Summary: A story of grief and love
“Treasuring God’s Love”
2 Sam. 18:5-33
This morning I am simply going to share A STORY with you, a true story; an ancient, yet contemporary story. No fancy outline, not three points, or four or two points, no alliteration - just a story with some comments. It’s A STORY ABOUT GRIEF AND LOVE, about grief which is borne out of love. So it’s also a familiar story, because we’ve been there - we’ve grieved. And we’ve grieved because we’ve loved. This story about a father’s grief is, at heart, a story about a father’s Love.
We begin, then, with A STORY OF DAVID’S LOVE. Let me set the stage for you - share some program notes, bring us up to date with the action. David, of course, is king. He was then, and still is, the greatest of the kings of Israel. But he was human. As we’ve seen, he committed adultery and then, in an attempt to cover it up, murder. But God was watching. And He rendered judgment and doled out punishment upon David: “Now, therefore, the sword will never depart from your house...the son born to you will die.” At the time of this 18th chapter, the son who was the product of adultery, had died. In addition, David’s eldest son, Amnon, fell in love with his half sister Tamar and eventually raped her. Absalom, another of David’s sons, hated Amnon for this, and secretly vowed revenge. The sword was alive and well within David’s household. Two years passed and Absalom threw a major party for the purpose of killing Amnon. The party was a success and Amnon was killed. Absalom now had to flee to escape the rage of David. (We almost need the TV Guide or weekly soaps update to keep track of the story, don’t we?)
Several years passed in this highly dysfunctional family, with Absalom all the while plotting how he could over throw his father and become king. Eventually Absalom wound up with his supporters in Jerusalem and David fled to the wilderness with his supporters. At chapter 18, the battle lines have been drawn. Civil war is about to break out between the forces of father and son. The kingship is at stake. More than just the future of a family, the future of the Kingdom is at stake. And David’s last words to his military leaders? “Be gentle with the young man Absalom for my sake.” David loved his son. Even with the kingdom at stake, David loved.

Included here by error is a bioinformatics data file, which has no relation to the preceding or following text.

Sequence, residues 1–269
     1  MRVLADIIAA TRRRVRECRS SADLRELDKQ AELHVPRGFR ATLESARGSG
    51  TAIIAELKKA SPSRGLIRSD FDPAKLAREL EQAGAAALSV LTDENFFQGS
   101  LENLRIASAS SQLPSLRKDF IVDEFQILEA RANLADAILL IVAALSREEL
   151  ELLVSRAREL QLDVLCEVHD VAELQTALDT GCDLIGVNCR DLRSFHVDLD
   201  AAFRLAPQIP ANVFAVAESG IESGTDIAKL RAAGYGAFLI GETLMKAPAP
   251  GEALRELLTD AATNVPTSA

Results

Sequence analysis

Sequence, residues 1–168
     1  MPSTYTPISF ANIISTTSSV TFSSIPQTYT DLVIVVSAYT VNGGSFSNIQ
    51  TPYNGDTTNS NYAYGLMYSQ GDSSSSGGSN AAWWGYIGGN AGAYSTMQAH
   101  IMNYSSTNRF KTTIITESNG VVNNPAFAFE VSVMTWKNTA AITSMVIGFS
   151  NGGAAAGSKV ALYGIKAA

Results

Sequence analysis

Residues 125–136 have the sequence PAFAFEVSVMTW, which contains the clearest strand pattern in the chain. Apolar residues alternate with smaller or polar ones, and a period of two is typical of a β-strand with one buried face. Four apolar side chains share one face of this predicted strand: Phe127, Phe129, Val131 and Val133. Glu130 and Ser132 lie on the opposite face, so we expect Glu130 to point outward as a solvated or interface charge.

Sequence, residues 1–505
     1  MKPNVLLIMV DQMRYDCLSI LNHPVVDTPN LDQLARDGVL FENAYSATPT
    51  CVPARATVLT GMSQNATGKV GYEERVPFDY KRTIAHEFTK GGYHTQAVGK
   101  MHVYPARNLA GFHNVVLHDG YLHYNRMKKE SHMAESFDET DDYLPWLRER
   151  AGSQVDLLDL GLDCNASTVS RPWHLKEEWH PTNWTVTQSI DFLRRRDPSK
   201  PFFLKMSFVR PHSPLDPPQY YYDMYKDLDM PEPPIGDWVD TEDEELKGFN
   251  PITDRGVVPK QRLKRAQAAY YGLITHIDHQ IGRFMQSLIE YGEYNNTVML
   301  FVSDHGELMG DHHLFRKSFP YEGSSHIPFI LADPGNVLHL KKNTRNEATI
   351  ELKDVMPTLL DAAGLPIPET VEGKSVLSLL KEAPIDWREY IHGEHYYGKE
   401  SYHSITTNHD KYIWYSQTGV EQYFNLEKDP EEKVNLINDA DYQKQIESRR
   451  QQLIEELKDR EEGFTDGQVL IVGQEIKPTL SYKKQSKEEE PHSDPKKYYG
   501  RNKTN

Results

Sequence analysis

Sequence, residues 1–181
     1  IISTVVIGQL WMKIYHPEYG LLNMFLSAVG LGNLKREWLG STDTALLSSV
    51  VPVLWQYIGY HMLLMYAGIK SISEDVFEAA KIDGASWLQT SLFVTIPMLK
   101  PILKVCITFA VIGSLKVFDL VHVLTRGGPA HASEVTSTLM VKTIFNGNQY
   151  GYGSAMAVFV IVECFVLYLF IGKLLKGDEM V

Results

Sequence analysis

Perhaps this is really more than a story of David’s love - it’s really A STORY OF PARENTAL LOVE. Only a parent’s love could ignore the miserable, deadly deeds and aims of Absalom and so David was willing to risk everything to spare his son. While David may have been afraid of losing his throne, he was more afraid of losing his son. As Frederick Buechner has put it, “Absalom was the thorn in David’s flesh but was also the apple of David’s eye.”
Parental love is a powerful force. As someone has said, “No one loves you like your kin.” Or, perhaps more accurately, NO ONE LOVES US LIKE THE ONE WHO GAVE US LIFE. Absalom cannot kill David’s fatherly love. Parents always pray for, hope for, and want the best for their children. And many of us have been there and done, and are doing that. We constantly pray to and plead with God to turn the tide in our rebellious children’s lives. We may hate everything they do and say - but we love them. We gave them life. They are a part of us, and always will be. We see the apple and don’t feel the thorn. PARENTAL LOVE IS UNDYING. So we feel with David. “Take it easy on my son. He may be ready to overthrow me, take my power, ruin the kingdom - but he’s my son. Take it easy on him.” It’s preposterous; it makes no sense; it’s absurd. But it’s parental love.
Well, to make a short story even shorter, Absalom, as we read, got his head caught in a tree - (just the latest of many hang ups in his life!) - and was then killed by David’s men. Word is finally sent to David, who responds with, “O my son Absalom! My son, my son, Absalom! If only I had died instead of you - O Absalom, my son, my son!” “If only I had died instead of you.” This is really A STORY OF PROXY LOVE. Investment companies, corporations, life insurance companies regularly send shareholders notices about annual meetings. New members are to be elected to the Board of Directors, and they ask the shareholders to send back a card giving permission to a certain person to be their proxy to vote - TO BE THEIR SUBSTITUTE IN THE PROCESS. So David longed to substitute for Absalom in death, to be his proxy, to die in his place.